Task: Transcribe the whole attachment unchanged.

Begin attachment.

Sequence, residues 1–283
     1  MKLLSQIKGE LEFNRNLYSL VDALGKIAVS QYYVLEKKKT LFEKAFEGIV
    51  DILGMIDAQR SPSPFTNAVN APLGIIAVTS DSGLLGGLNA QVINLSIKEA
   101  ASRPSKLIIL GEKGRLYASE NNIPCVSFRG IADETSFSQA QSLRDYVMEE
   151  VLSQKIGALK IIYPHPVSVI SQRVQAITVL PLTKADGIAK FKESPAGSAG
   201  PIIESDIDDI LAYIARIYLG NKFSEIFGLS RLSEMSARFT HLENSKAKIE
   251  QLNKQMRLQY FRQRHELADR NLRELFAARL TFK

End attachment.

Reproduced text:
Sequence, residues 1–283
     1  MKLLSQIKGE LEFNRNLYSL VDALGKIAVS QYYVLEKKKT LFEKAFEGIV
    51  DILGMIDAQR SPSPFTNAVN APLGIIAVTS DSGLLGGLNA QVINLSIKEA
   101  ASRPSKLIIL GEKGRLYASE NNIPCVSFRG IADETSFSQA QSLRDYVMEE
   151  VLSQKIGALK IIYPHPVSVI SQRVQAITVL PLTKADGIAK FKESPAGSAG
   201  PIIESDIDDI LAYIARIYLG NKFSEIFGLS RLSEMSARFT HLENSKAKIE
   251  QLNKQMRLQY FRQRHELADR NLRELFAARL TFK